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An Experimental Evaluation of Readers' Perceptions of Media Bias
Unformatted Document Text:  Media Bias - 4 people who consider news media to be biased are less likely to believe them, and that people who do not believe news media are less likely to use them, with obvious consequences both for the people and for the media organizations. It is the purpose of this report to consider the nature of the perception of media bias on the part of audiences, with the specific task of trying to discover what types of content elicit the designation of "biased." Audience responses A smaller number of researchers than those engaged in the content analyses described above have examined the question of how and why members of the public perceive bias in the media, and we can summarize their commonest conclusions quickly: * The perception of bias is subjective. Different people can look at the identical content and come to idiosyncratic, often opposing, judgments about it; * The perception of bias is relativistic. "Biased" often appears to mean "disagrees with us, the users," regardless of the users’ awareness (or lack thereof) of their own biases or the overall balance of the content. The subjectivity of audience responses has been established under both field and experimental conditions. For instance, Dautrich and Dineen (1996) reported a Roper Center survey which found that 22% of the respondents felt media coverage of the 1996 presidential election favored the Democrats and 21% said it favored the Republicans (49% said it was balanced and the remainder expressed no opinion). By most objective content analytic measures the coverage in the aggregate was fairly well-balanced; none-the-less 43% of respondents felt it was biased even as they disagreed on the direction of the bias. Using a more sophisticated approach, Watts and his colleagues (Watts, Domke, Shah & Fan, 1999) tracked opinion poll results on the public’s perception of liberal biases in news media in conjunction with actual content from newspapers, wire services and at least one television network. Fundamentally, they found that reported belief in a liberal bias was unrelated to any valences in content: Rather, the perception of bias was related to the volume of media self-coverage of bias issues, which in turn was engendered by charges of liberal bias made by conservative elites. In short, when there was media coverage of some people (conservatives in particular) talking about the media being biased, the public-at-large was more likely to tell pollsters the media were biased, regardless of actual content. To explore the subjective nature of perceived bias under more controlled conditions, Stevenson and Greene (1980) presented 73 undergraduates with a variety of news stories both favorable and unfavorable to 1976 presidential candidates Jimmy Carter and Gerald Ford. Stevenson and Greene asked the participants to mark their reactions to the

Authors: D'Alessio, Dave.
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Media Bias - 4
people who consider news media to be biased are less likely to believe them, and that people who do not believe news
media are less likely to use them, with obvious consequences both for the people and for the media organizations.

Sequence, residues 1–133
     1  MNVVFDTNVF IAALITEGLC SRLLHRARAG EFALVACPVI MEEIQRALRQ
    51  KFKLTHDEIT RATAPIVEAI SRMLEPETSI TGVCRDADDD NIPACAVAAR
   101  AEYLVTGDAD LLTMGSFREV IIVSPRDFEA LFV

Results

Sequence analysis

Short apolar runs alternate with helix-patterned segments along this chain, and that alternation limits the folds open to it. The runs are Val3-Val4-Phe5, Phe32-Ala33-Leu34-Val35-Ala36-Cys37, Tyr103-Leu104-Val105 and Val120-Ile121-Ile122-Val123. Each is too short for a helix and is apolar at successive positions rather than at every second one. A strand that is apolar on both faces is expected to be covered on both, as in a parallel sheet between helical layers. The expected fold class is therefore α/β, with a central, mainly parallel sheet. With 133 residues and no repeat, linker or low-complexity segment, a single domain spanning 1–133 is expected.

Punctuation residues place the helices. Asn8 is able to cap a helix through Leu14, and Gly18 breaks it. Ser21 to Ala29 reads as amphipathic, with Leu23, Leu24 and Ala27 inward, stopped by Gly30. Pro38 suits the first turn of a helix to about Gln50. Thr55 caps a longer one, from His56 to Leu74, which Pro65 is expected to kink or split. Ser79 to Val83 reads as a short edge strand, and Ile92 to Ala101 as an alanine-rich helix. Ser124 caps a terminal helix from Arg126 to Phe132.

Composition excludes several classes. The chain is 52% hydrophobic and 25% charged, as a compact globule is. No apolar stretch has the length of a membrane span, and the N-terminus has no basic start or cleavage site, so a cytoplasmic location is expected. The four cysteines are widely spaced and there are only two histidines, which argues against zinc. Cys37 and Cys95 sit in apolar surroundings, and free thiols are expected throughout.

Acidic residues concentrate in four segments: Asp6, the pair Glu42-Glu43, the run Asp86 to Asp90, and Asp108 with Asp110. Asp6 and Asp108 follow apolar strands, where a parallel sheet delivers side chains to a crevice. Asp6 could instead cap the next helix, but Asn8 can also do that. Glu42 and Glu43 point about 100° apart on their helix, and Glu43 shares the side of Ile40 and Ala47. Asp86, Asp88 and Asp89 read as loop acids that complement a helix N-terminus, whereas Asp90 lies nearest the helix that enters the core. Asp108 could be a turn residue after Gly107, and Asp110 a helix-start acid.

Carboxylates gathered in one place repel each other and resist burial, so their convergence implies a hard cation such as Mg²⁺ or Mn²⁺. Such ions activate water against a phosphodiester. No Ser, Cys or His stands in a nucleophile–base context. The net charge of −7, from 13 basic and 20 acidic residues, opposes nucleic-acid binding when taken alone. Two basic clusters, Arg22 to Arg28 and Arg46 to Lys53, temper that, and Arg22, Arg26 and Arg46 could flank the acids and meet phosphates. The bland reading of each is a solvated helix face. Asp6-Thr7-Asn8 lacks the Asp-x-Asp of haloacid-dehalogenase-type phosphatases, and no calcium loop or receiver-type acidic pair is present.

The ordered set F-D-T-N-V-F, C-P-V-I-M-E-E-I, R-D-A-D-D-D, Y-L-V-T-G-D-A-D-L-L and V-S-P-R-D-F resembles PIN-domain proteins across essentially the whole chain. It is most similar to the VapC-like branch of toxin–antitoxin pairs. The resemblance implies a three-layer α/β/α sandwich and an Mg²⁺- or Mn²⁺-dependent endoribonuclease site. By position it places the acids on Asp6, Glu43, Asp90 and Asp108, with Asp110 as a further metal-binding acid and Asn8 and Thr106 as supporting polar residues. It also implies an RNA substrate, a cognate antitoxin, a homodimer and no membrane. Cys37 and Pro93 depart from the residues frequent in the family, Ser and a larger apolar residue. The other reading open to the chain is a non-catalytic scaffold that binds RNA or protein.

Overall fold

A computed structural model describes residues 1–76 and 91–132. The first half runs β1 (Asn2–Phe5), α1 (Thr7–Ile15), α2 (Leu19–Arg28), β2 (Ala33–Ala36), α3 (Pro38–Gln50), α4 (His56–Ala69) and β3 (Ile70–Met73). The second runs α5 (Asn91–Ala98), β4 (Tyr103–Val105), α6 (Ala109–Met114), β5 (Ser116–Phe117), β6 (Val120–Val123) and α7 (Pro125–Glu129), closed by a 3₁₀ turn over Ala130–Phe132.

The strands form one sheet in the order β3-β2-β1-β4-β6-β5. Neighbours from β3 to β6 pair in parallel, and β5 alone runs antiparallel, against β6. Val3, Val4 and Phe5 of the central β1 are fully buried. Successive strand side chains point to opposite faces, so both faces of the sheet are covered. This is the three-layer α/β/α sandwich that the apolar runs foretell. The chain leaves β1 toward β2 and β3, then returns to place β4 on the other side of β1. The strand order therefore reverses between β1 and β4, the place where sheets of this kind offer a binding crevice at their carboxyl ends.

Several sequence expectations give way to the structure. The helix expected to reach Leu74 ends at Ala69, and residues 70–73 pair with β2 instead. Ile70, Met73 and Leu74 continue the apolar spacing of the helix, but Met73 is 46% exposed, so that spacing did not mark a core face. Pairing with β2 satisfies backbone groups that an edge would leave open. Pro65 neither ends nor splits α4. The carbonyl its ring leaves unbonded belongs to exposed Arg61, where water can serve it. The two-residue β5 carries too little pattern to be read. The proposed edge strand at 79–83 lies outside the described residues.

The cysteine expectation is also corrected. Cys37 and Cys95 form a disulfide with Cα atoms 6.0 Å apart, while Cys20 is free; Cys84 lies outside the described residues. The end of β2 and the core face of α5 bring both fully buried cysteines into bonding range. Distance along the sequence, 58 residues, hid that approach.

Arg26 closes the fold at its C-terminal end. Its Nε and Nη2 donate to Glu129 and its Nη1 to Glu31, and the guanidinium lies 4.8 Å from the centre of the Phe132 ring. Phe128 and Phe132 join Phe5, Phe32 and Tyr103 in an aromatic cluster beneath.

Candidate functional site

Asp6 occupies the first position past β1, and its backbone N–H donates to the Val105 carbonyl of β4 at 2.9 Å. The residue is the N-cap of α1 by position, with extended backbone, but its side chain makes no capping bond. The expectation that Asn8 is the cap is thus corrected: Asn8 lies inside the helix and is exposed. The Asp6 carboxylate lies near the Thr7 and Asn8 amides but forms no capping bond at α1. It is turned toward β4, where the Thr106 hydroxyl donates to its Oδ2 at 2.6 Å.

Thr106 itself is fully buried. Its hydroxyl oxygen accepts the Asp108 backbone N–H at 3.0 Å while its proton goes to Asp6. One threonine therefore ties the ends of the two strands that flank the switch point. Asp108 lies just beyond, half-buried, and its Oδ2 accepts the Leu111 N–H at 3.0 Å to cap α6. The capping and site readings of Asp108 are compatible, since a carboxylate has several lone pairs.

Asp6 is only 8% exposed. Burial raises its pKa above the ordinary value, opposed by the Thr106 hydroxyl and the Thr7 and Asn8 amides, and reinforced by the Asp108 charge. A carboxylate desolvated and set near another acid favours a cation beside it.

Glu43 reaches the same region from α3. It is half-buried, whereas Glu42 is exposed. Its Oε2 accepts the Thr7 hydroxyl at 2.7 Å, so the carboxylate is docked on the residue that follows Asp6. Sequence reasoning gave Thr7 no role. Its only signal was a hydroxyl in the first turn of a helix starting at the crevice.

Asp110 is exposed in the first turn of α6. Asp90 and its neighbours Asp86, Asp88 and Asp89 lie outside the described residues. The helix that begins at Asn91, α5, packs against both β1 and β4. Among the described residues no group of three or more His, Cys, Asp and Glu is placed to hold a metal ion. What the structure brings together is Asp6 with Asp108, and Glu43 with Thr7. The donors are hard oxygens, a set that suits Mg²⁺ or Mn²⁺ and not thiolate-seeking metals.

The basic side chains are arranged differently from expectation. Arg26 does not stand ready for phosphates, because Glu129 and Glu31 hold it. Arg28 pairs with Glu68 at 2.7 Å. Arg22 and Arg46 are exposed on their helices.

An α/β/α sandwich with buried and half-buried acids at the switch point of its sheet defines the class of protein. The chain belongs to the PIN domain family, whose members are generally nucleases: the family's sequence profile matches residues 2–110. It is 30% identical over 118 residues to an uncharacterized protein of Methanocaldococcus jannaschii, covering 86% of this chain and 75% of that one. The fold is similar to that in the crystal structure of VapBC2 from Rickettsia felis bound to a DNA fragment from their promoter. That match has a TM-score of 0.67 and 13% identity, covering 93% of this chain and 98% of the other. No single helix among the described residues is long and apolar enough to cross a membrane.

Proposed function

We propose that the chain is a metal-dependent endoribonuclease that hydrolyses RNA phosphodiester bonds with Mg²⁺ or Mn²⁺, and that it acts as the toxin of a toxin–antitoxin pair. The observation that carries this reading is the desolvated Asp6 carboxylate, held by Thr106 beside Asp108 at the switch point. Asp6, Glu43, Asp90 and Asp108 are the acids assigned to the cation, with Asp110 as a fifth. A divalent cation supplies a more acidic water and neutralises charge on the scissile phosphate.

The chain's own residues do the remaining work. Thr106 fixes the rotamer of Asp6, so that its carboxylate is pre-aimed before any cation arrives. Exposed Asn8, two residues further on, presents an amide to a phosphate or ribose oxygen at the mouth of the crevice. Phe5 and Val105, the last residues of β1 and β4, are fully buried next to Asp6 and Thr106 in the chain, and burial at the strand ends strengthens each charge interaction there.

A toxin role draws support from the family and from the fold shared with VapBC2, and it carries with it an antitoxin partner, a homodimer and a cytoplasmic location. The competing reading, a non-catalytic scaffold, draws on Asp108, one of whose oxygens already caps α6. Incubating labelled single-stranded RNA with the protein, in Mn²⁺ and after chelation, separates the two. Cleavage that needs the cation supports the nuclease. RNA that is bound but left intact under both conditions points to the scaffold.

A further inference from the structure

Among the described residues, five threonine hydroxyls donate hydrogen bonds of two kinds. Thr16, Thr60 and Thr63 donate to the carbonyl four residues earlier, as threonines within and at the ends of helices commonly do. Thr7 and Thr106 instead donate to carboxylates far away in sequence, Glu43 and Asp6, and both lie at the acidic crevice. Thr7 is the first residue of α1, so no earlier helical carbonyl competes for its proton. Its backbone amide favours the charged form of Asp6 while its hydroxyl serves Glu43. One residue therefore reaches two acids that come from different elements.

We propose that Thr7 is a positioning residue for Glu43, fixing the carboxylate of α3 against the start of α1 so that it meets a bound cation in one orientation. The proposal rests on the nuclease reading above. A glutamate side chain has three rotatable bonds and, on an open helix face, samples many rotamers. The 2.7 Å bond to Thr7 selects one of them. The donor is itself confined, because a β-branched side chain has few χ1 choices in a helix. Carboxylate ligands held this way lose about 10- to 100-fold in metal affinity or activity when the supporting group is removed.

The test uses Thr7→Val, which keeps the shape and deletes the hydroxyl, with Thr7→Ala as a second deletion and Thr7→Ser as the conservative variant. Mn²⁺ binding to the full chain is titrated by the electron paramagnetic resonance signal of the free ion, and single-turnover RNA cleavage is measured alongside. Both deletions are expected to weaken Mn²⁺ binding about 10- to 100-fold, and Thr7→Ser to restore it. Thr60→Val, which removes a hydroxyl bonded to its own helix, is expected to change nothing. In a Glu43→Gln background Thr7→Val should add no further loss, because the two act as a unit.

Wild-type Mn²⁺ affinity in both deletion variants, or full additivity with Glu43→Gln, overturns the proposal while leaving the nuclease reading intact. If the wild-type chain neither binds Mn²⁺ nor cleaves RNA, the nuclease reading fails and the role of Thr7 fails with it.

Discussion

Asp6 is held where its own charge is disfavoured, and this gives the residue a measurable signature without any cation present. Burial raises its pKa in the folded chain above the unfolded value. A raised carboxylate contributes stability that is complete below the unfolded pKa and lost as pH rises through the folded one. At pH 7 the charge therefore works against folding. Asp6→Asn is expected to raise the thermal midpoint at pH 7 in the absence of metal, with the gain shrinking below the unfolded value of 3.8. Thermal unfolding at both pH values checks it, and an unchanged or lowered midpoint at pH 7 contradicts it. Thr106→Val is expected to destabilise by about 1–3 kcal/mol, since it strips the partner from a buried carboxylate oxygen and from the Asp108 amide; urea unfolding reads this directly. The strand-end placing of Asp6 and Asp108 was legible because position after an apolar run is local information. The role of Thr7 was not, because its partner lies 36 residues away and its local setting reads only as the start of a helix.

It is the purpose of this report to consider the nature of the perception of media bias on the part of audiences,
with the specific task of trying to discover what types of content elicit the designation of "biased."
Audience responses
A smaller number of researchers than those engaged in the content analyses described above have examined
the question of how and why members of the public perceive bias in the media, and we can summarize their
commonest conclusions quickly:
* The perception of bias is subjective. Different people can look at the identical content and come to
idiosyncratic, often opposing, judgments about it;
* The perception of bias is relativistic. "Biased" often appears to mean "disagrees with us, the users,"
regardless of the users’ awareness (or lack thereof) of their own biases or the overall balance of the content.
The subjectivity of audience responses has been established under both field and experimental conditions. For
instance, Dautrich and Dineen (1996) reported a Roper Center survey which found that 22% of the respondents felt
media coverage of the 1996 presidential election favored the Democrats and 21% said it favored the Republicans (49%
said it was balanced and the remainder expressed no opinion). By most objective content analytic measures the
coverage in the aggregate was fairly well-balanced; none-the-less 43% of respondents felt it was biased even as they
disagreed on the direction of the bias.
Using a more sophisticated approach, Watts and his colleagues (Watts, Domke, Shah & Fan, 1999) tracked
opinion poll results on the public’s perception of liberal biases in news media in conjunction with actual content from
newspapers, wire services and at least one television network. Fundamentally, they found that reported belief in a
liberal bias was unrelated to any valences in content: Rather, the perception of bias was related to the volume of media
self-coverage of bias issues, which in turn was engendered by charges of liberal bias made by conservative elites. In
short, when there was media coverage of some people (conservatives in particular) talking about the media being
biased, the public-at-large was more likely to tell pollsters the media were biased, regardless of actual content.
To explore the subjective nature of perceived bias under more controlled conditions, Stevenson and Greene
(1980) presented 73 undergraduates with a variety of news stories both favorable and unfavorable to 1976 presidential
candidates Jimmy Carter and Gerald Ford. Stevenson and Greene asked the participants to mark their reactions to the


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